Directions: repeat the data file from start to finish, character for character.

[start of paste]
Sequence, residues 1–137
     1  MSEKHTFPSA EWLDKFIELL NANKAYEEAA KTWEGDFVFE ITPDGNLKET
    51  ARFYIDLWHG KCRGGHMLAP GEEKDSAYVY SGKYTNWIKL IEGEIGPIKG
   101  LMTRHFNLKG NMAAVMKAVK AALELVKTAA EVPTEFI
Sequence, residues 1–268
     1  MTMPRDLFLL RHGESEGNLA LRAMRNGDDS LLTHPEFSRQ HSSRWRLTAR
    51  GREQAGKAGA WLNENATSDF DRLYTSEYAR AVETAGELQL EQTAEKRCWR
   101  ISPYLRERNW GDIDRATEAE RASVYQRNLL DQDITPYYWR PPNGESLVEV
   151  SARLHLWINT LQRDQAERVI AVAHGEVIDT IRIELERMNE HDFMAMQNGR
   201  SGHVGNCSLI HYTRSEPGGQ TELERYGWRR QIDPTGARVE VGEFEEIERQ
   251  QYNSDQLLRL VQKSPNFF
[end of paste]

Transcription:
Sequence, residues 1–137
     1  MSEKHTFPSA EWLDKFIELL NANKAYEEAA KTWEGDFVFE ITPDGNLKET
    51  ARFYIDLWHG KCRGGHMLAP GEEKDSAYVY SGKYTNWIKL IEGEIGPIKG
   101  LMTRHFNLKG NMAAVMKAVK AALELVKTAA EVPTEFI
Sequence, residues 1–268
     1  MTMPRDLFLL RHGESEGNLA LRAMRNGDDS LLTHPEFSRQ HSSRWRLTAR
    51  GREQAGKAGA WLNENATSDF DRLYTSEYAR AVETAGELQL EQTAEKRCWR
   101  ISPYLRERNW GDIDRATEAE RASVYQRNLL DQDITPYYWR PPNGESLVEV
   151  SARLHLWINT LQRDQAERVI AVAHGEVIDT IRIELERMNE HDFMAMQNGR
   201  SGHVGNCSLI HYTRSEPGGQ TELERYGWRR QIDPTGARVE VGEFEEIERQ
   251  QYNSDQLLRL VQKSPNFF